CRIME, POLICE + COURTS
The search for the caller behind Utah’s 13 school hoaxes
Mar 30, 2023, 2:00 PM
(Kristin Murphy, Deseret News)
SALT LAKE CITY — At the time this story is being published, it is about 24 hours since multiple schools across Utah and thousands of people were thrown into chaos by hoaxes warning of fake active shooters on multiple campuses.
Officials soon learned the school calls were all hoaxes, the threats, fake. But not before police armed with heavy weaponry were inside those schools among frightened and confused teachers and students.
Related: Multiple Utah schools received fake reports of school shooting, officials say
And though it’s been less than a day since the calls were made (or swatting calls, which is their official name), public safety officials in Utah have made at least some progress in finding the caller’s identity.
Here’s how that happened.
Tracing the school hoaxes
“All of the calls were made from the same phone number,” Hilary Kellner, the Director of Communications for the Utah Department of Public Safety, told Dave and Dujanovic on Thursday morning.
That information came via Utah’s statewide information analysis Center and the FBI, who traced the number.
“They found that it connected to an IP address that was connected outside of the country,” Kellner said. “Not one specific country, that IP address kind of tagged a couple of different countries.”
Related: Ogden High School community reacts to active shooter hoax
IP addresses are assigned to either a country or a block of countries.
But that doesn’t mean the person was outside the country — they could have used a proxy server or virtual private network to mask their actual IP address.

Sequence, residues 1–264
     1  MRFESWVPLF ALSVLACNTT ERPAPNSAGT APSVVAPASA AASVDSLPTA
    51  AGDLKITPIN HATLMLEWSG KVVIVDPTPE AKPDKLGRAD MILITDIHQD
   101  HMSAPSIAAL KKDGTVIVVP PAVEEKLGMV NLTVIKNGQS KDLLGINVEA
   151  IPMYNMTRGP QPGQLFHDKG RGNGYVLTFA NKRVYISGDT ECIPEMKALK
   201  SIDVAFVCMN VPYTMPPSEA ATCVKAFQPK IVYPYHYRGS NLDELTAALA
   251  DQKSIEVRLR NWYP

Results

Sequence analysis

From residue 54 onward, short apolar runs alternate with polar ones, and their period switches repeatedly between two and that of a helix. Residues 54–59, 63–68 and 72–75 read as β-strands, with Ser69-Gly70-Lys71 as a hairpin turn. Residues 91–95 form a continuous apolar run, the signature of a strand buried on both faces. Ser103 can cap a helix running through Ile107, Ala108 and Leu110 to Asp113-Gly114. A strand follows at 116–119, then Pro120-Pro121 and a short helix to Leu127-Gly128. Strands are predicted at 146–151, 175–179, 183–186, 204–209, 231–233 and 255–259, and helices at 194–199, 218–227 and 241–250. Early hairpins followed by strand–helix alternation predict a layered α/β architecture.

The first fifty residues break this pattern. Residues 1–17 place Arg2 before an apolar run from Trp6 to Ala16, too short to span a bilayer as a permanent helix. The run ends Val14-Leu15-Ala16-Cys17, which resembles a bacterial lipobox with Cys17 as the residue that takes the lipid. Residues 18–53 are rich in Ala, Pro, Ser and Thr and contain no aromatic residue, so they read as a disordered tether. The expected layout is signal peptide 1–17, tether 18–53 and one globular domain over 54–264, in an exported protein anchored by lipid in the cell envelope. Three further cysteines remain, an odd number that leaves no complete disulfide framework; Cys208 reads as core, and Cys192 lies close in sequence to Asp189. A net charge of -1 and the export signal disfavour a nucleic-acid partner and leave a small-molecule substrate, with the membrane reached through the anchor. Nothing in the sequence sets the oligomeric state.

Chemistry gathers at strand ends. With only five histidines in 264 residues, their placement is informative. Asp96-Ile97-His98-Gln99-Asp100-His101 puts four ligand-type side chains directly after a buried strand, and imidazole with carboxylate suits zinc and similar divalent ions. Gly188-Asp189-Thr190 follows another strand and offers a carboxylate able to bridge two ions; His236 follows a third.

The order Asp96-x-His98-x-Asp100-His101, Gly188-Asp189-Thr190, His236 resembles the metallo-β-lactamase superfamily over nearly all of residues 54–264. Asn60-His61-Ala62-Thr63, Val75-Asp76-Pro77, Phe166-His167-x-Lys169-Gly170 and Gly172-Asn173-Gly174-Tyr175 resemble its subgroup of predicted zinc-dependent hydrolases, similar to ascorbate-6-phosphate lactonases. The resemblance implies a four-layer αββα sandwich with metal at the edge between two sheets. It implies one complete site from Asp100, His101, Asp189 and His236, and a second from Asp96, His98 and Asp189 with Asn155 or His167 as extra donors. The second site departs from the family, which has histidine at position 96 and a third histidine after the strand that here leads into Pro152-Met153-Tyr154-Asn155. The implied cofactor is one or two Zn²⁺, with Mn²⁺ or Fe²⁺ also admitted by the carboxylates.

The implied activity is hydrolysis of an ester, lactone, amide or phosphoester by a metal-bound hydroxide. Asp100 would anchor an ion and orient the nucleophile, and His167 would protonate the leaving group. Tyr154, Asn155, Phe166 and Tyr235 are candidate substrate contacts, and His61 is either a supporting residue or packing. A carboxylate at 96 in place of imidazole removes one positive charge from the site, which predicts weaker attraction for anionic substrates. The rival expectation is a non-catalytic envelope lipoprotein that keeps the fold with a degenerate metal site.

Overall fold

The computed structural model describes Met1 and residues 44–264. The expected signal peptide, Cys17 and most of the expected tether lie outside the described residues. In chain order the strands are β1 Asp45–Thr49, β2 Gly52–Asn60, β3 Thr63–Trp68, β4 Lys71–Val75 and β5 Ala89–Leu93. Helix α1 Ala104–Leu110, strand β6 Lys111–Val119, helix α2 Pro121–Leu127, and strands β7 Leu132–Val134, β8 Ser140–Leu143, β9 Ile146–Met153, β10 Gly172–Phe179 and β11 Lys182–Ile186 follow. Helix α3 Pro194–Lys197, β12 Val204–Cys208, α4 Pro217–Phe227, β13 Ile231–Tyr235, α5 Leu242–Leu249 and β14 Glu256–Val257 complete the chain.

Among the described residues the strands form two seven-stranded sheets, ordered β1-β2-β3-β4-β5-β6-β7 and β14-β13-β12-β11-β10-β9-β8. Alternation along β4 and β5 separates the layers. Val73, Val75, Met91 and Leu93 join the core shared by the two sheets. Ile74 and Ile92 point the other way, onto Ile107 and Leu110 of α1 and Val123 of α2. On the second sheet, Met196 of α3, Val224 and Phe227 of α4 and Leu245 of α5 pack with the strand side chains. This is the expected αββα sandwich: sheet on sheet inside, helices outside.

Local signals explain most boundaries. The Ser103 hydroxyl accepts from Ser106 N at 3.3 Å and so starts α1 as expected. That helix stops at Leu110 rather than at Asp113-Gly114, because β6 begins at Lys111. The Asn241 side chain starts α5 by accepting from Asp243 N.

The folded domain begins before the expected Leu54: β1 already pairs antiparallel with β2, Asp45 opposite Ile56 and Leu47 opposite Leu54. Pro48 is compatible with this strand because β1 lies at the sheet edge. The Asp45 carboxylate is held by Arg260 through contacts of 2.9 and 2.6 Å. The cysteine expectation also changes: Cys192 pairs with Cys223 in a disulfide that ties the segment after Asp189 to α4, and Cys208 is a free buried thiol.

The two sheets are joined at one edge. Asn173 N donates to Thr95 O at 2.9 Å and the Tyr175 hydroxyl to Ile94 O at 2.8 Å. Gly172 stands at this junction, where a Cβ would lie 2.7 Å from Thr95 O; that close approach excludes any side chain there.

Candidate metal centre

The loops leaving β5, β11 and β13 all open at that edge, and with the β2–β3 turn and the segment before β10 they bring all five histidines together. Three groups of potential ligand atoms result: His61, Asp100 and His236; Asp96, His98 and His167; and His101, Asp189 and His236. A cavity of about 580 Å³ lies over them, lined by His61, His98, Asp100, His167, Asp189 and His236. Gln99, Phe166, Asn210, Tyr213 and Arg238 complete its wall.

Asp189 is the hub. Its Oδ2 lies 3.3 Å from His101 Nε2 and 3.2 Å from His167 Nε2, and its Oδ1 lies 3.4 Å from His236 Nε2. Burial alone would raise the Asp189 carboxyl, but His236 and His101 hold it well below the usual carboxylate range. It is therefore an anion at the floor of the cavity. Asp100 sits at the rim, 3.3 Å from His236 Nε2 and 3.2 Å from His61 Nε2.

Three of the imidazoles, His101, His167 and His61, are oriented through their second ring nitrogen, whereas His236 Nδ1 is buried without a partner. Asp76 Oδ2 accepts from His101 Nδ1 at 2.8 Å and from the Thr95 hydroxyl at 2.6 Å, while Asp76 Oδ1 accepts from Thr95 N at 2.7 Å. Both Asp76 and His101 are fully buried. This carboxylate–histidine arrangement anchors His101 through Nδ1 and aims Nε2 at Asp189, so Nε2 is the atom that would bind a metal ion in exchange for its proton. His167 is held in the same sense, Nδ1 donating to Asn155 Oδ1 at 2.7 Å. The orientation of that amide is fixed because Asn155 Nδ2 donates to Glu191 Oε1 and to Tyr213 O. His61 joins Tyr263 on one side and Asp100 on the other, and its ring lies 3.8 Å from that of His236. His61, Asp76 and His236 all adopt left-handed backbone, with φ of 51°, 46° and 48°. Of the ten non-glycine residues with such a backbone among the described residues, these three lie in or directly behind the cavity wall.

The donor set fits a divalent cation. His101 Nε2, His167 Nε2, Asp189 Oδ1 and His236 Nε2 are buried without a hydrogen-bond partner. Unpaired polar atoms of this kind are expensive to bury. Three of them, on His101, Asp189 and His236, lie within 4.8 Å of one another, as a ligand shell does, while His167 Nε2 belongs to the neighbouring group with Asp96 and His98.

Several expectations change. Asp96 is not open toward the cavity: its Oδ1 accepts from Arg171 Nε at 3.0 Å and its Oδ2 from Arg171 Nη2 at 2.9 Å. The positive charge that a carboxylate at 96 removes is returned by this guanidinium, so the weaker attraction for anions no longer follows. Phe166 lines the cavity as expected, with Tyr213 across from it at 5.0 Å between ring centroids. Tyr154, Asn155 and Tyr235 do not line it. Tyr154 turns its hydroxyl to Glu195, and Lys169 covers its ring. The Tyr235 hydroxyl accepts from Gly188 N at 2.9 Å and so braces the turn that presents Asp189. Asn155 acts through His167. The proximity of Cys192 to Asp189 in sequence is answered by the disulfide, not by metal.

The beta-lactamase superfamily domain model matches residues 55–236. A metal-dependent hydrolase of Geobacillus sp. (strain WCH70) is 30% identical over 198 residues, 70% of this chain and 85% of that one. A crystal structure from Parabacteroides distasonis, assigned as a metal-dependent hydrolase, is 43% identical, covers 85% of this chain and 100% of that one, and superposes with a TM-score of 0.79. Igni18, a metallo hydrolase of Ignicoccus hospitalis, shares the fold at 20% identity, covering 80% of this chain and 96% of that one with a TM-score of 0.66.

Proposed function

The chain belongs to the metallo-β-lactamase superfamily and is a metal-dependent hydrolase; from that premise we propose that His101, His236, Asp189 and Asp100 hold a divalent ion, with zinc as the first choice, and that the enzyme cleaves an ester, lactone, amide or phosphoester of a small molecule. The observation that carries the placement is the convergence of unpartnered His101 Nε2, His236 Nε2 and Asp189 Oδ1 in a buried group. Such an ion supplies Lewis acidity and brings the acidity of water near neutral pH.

Who made the swatting calls?
Kellner said they determined a male with a foreign accent called 911. He falsely reported there was an active shooter at Spanish Fork High School. The caller reportedly told 911 that six people had been wounded by this “active shooter.”
Safety officials have confirmed that 911 was called about 13 different schools in Utah. The storyline was “pretty similar with all of them.”
Kellner said it was the same person calling from the same IP address, in each call.
Just the beginning of the search
Determining an IP address is just the beginning of the hunt for the hoax caller.
“More experienced cyber criminals will either tunnel to or connect to a … voice over IP server, where they’re making such phone calls from a different location, a different country,” said Earl Foote with Nexus.
Although, was it really a male that was calling?
“The male voice that was heard (on the 911 calls) could be spoofed (or imitated) by AI or bots,” Foote said.
If the caller has a registered account with a cloud service provider, the cloud provider may have contact information for that person. However, if they’re a “smart criminal,” Foote said, they’ll cover those tracks too.
Did the caller behind the school hoaxes leave a clue?
Thirteen schools in Utah were targeted by hoax emergency calls known as swatting calls. Investigators will likely look for a connection between all of the schools.
“It may lead to the source being within the United States or somebody with … specific knowledge of the geo localities .. where the phone calls were placed,” Foote said.
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